Indigenous communities given support to join tech labour force

Google Canada announces $600,000 commitment to job seekers

Indigenous communities given support to join tech labour force

Google Canada has announced a $600,000 commitment to provide free digital skills training to Indigenous job seekers across Canada.

This funding includes a $500,000 Google.org grant towards ComIT's Recoding Futures IT training program. An additional $100,000 in funding will support Indspire with their education and job training programs and an allocation of Google Career Certificate scholarships for Indigenous job seekers.

ComIT’s program is focused on providing scholarships for Indigenous communities who have been underrepresented in tech across the years, says Pablo Listingart, executive director at ComIT, in talking with Canadian HR Reporter.

And they try different things to meet the needs of Indigenous peoples who are eager to learn.

“We try online courses that are similar to an offline experience, an on-class experience. So we have instructors, we have different systems, we use Zoom or Google Meet to run classes but we also provide 24-7 chat so that people can approach instructors and ask for assistance. We have the staff who contact people all the time to see how they are doing, how we can help, what we need to modify.”

Real-life applications

Prior to providing the program, ComIT did a lot of research to ensure that they were armed with knowledge on how to successfully execute their plan.

“When we were talking with people from these programs, we noticed that the approach, historically, has been to send someone to a community, an instructor, for one month or something, to teach people digital literacy,” says Listingart, adding that these programs tend to focus on helping people learn how to create an email account, how to use Microsoft Word and Microsoft Excel, among others.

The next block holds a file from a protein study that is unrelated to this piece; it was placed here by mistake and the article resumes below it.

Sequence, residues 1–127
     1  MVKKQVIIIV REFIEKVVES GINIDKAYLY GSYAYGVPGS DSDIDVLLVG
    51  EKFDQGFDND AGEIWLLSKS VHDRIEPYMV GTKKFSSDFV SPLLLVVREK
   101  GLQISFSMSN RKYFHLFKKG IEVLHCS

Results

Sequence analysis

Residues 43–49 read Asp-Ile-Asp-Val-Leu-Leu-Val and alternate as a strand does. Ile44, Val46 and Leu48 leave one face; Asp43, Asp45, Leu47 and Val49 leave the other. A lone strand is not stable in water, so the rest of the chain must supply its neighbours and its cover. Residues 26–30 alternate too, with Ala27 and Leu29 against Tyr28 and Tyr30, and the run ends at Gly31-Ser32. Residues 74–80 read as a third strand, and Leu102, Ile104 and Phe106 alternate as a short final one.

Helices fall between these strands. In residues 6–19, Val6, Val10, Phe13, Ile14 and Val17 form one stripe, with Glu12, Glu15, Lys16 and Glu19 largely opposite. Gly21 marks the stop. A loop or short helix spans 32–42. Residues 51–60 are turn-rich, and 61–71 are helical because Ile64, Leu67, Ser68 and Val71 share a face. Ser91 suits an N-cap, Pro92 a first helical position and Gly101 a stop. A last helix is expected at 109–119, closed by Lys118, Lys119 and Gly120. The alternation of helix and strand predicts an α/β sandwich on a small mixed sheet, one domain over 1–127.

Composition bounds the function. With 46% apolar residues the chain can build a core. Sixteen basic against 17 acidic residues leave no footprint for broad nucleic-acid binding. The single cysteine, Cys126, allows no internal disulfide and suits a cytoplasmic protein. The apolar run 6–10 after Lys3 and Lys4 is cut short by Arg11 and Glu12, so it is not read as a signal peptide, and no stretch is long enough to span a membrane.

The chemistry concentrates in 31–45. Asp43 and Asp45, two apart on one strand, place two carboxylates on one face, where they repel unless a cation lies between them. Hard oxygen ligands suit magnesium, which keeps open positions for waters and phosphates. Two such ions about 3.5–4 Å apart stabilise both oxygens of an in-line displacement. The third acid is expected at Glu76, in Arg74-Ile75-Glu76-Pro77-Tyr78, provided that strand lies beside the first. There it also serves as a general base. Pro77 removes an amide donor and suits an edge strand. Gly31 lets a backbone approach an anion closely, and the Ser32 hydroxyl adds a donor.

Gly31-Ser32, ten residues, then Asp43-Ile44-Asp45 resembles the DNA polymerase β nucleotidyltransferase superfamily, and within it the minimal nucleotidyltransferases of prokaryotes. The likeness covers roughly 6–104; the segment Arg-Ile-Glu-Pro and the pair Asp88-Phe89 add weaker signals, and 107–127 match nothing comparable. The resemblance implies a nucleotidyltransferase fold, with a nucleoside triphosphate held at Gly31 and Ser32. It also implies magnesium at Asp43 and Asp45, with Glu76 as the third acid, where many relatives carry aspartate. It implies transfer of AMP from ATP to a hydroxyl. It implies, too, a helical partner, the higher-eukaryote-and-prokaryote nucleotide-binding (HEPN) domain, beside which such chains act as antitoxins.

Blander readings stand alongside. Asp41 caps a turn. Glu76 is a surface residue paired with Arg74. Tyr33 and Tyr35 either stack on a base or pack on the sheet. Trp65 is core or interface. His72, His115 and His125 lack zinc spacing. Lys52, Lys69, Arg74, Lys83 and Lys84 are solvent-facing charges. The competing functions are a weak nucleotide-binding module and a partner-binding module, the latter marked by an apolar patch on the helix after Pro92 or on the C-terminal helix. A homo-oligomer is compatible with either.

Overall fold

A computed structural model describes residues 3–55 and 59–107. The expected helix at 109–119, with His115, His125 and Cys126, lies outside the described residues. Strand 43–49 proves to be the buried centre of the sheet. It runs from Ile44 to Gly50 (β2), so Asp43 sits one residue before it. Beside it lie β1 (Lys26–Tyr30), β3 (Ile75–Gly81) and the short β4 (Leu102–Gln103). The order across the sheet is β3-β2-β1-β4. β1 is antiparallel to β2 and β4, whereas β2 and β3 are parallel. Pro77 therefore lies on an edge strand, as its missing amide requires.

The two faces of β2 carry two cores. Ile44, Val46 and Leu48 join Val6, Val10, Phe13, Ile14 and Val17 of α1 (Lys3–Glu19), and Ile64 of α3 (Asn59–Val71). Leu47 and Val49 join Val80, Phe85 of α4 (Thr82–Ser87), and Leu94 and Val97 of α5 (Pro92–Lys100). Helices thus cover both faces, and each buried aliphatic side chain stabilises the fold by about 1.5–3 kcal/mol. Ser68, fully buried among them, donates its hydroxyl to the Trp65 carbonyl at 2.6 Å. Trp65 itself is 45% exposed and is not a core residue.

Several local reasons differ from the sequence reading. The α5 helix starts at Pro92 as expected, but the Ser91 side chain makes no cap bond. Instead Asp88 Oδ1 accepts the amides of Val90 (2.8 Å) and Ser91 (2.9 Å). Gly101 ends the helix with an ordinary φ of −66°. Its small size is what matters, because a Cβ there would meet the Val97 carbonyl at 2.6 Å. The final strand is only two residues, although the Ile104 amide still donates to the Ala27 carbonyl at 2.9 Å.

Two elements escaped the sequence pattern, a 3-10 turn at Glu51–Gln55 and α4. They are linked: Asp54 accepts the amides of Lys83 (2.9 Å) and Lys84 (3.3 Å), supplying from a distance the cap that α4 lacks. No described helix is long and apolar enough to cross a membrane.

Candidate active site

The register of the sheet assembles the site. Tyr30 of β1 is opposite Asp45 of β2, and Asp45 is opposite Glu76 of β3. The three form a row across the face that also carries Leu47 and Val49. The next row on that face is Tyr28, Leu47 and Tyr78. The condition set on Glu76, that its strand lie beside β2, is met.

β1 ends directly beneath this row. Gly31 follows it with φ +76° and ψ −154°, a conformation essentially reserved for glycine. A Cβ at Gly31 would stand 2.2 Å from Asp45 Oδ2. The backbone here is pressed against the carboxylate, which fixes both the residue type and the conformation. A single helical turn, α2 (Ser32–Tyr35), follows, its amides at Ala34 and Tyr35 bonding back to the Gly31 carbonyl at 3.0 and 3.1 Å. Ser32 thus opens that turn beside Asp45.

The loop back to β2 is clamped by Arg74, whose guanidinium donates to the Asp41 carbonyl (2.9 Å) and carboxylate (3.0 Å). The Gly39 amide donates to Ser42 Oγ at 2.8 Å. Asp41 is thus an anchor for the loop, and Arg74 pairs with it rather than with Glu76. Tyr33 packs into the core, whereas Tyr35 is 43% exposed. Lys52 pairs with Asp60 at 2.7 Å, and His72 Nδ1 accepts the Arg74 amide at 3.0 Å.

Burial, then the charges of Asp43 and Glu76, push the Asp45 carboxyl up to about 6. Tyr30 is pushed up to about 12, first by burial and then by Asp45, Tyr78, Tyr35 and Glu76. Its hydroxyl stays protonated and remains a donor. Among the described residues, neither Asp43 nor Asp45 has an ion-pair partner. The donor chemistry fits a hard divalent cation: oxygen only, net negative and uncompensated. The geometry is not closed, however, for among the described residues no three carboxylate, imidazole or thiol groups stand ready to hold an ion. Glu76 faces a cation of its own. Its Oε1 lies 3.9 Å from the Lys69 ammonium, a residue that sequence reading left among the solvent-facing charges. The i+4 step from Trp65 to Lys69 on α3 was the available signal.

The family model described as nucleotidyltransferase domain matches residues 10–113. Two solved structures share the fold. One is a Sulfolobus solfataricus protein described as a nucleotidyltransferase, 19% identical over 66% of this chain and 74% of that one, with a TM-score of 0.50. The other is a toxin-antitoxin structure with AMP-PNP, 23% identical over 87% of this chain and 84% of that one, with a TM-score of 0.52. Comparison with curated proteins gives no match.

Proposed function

“And the main barrier, the main challenge that people were facing was that there were sometimes three people who are interested. So you are sending an instructor to a remote community and you only have three people attending.”

This approach is simply not reaching enough Indigenous peoples who have the desire to learn and possibly break into the technology labour force, says Listingart.

“We understood that maybe people are actually looking to learn about coding and other digital skills and there is more interest in these topics than in learning how to use Word, or learning how to open an email account,” he says.

“What we saw is that one-third of the students who finished our courses have been creating websites and applications for their businesses, for their communities, for their social projects. So there was a real interest because people want to contribute to their communities. There was a hunger for actually learning real-life tools for real-life applications.”

More than 350,000 young Indigenous people will come of employment age in the next few years, and they could boost the country’s economy by $27.7 billion per year if they are given the right employment supports, according to a previous report.

Last year, ComIT was able to get 800 people to sign up for the program. Now, the company is looking to reach more interested parties within Indigenous communities in Canada.

“I think that we are underestimating the talent that there is in this country, because there are people who are really eager to learn and to be part of this tech ecosystem.”

Remote opportunities

Sixty-five per cent of workers globally are seriously considering leaving their role, according to a previous report.

And helping Indigenous communities train for jobs in the technology sector may help employers address the ongoing “great resignation,” says Listingart.

“There is a need to understand that, now, work is also about having something that is fulfilling. And what I understand is that technology, a lot of times, enables that. If you like design, then you can design websites, you can design mobile applications, and you can do it from your home.”

The tech sector also offers jobs that people can do remotely, says Listingart. This is an additional appeal considering that many workers in the IT industry are eager to continue working from home, and more than 70 per cent would actually quit if their employer forces them to head back to the office, according to a previous survey.

“You can be in the middle of the Arctic in northern Canada working for a company [somewhere else] nowadays, because most of the jobs now can be done remotely. You can work for a company in Vancouver, or anywhere.”

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